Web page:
Cross-reactive antibody to swine influenza A(H3N2) subtype virus in children and adults before and after immunisation with 2010/11 trivalent inactivated influenza vaccine in Canada, August to November 2010.
In pre- and post-immunisation sera from children (17-120 months-old) and adults (20-59 years-old) immunised with 2010/11 trivalent inactivated influenza vaccine, we assessed age-related patterns of sero-susceptibility and vaccine-induced cross-reactive antibodies to a representative swine H3N2 (swH3N2) and a related ancestral human H3N2 (A/Sydney/5/1997) influenza virus. Few children but a greater proportion of adults showed pre-immunisation haemagglutination inhibition titres =40 to either virus. Titres increased with age among children but decreased in adults. Fewer than 20% showed a four-fold rise in antibody titres to either virus following immunisation. Further investigation is warranted to guide ongoing risk assessment and response to emerging swine H3N2 viruses.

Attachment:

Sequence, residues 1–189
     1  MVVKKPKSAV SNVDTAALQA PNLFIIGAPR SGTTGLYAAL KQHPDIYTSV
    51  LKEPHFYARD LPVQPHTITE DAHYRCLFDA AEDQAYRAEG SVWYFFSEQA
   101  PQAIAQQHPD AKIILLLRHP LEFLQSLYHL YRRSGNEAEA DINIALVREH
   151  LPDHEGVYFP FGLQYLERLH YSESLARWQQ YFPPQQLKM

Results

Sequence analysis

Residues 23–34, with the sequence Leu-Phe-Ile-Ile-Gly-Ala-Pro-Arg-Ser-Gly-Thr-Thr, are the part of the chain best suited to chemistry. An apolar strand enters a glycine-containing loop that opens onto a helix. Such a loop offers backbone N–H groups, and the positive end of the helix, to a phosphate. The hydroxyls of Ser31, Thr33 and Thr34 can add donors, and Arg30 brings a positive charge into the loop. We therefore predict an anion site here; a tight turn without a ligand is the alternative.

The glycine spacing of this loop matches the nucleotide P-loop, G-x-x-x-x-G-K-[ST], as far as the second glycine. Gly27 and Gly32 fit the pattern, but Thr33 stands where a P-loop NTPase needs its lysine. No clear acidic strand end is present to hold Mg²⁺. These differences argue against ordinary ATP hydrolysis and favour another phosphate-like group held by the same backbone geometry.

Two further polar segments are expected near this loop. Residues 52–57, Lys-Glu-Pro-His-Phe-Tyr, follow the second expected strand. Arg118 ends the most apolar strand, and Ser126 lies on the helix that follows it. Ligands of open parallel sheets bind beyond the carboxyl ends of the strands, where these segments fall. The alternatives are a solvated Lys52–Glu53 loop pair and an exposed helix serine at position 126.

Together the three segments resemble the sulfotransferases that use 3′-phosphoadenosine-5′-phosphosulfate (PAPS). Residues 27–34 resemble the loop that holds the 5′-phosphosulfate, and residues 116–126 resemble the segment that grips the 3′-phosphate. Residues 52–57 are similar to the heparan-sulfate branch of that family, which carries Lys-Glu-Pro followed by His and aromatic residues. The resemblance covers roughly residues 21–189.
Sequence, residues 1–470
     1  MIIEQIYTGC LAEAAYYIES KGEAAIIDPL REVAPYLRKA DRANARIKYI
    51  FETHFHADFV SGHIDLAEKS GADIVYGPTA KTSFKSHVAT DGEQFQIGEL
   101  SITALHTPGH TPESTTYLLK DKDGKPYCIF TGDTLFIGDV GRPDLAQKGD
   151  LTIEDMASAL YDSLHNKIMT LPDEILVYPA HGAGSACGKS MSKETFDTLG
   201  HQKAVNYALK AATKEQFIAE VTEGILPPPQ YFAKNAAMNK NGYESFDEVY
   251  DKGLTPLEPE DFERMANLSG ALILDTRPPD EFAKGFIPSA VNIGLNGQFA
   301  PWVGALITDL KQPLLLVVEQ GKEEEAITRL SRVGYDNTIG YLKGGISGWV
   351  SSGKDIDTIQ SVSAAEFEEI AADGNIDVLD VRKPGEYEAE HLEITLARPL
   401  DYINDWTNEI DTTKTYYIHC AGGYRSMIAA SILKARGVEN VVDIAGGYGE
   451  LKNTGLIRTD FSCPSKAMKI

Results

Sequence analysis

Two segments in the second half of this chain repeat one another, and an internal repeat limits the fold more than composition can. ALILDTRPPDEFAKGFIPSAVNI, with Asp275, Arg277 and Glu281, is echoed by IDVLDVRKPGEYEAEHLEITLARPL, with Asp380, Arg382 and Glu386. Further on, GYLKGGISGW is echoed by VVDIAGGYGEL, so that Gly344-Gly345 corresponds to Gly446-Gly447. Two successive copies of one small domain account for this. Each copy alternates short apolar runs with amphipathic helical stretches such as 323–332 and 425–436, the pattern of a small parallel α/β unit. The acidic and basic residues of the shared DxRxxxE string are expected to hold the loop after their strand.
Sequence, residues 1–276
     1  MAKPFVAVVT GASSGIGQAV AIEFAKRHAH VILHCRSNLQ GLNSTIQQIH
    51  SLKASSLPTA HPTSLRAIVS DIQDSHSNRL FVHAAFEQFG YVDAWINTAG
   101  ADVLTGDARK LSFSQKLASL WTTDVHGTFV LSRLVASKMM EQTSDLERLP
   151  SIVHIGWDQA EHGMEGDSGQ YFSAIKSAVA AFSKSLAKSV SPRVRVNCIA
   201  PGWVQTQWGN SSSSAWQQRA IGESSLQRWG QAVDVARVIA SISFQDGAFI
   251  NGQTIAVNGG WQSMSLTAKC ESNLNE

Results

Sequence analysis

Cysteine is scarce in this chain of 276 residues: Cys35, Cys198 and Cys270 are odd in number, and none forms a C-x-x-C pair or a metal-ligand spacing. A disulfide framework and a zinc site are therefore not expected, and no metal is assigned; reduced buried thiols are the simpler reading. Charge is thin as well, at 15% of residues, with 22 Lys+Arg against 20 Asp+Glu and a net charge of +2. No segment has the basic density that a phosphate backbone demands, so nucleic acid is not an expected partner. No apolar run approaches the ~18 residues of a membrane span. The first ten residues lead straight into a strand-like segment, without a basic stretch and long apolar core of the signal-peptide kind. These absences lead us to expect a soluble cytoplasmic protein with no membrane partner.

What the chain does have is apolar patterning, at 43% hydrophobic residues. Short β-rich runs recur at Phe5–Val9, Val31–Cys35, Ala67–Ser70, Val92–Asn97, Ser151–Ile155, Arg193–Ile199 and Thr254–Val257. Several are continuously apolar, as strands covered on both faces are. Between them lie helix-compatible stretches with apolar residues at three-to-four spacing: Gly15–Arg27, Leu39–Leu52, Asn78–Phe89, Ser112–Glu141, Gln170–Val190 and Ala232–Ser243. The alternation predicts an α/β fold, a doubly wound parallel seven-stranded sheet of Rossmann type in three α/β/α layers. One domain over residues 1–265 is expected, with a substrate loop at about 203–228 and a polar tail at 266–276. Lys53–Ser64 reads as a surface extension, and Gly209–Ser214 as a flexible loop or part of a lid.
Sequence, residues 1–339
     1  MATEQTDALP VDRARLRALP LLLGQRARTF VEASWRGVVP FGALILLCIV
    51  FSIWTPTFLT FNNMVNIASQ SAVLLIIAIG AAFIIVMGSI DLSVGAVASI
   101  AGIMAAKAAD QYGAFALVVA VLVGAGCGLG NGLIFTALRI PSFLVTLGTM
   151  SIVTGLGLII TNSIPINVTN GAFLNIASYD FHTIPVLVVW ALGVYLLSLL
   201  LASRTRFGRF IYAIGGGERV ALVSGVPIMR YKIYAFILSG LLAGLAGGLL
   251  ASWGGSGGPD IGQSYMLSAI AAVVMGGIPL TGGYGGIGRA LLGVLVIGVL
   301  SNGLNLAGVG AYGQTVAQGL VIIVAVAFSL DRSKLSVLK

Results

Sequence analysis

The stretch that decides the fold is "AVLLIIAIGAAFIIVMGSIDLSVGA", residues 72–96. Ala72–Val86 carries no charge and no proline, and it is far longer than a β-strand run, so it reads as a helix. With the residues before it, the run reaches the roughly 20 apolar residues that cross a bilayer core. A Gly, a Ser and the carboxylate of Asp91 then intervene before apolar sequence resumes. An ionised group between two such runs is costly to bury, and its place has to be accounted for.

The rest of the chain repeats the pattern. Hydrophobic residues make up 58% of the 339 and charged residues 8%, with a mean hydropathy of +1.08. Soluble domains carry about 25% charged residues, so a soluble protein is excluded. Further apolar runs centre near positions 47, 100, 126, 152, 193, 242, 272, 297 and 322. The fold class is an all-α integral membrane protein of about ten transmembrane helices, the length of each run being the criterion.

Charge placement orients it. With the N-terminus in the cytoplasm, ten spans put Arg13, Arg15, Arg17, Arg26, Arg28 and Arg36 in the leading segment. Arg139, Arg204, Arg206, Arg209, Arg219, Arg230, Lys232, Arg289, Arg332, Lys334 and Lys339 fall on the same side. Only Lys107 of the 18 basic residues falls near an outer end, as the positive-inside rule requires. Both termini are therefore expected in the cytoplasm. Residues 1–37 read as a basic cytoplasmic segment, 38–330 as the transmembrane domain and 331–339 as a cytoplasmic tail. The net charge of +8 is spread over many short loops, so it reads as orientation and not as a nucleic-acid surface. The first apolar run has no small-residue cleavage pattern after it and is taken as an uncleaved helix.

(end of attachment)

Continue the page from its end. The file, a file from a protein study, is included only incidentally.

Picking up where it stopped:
IgE-antibody reactivity to boiled Atlantic shrimp (Pandalus borealis) and German cockroach (Blattella germanica) of sera from 89 patients, sensitive to one or the other, was investigated with an enzymatic immunoassay for specific IgE detection (CAP-FEIA System, Pharmacia, Sweden). IgE serum levels to both antishrimp and anticockroach allergens were found to be positive in 76 of the 89 (85.4%) tested sera. A positive anticockroach IgE was very rare in the absence of detectable antishrimp IgE (five of 89 sera). Linear regression analysis on antishrimp and anti-German cockroach IgE levels-log plot revealed a correlation coefficient (r) of 0.73. Inhibition experiments showed that boiled Atlantic shrimp extract inhibited CAP with German cockroach, and vice versa. Immunoblotting showed the strongest IgE binding for both allergenic extracts between 30 and 43 kDa. By blot inhibition, the binding capacity of German cockroach was totally abolished by Atlantic shrimp extract, while German cockroach extract only partially IgE binding to Atlantic shrimp. Cross-reactivity exists between shrimp, an important food allergen, and German cockroach, which has an increasing role in allergic asthma. It could be important to determine the clinical significance of cross-allergy to both allergens, in which exposures occur in different ways.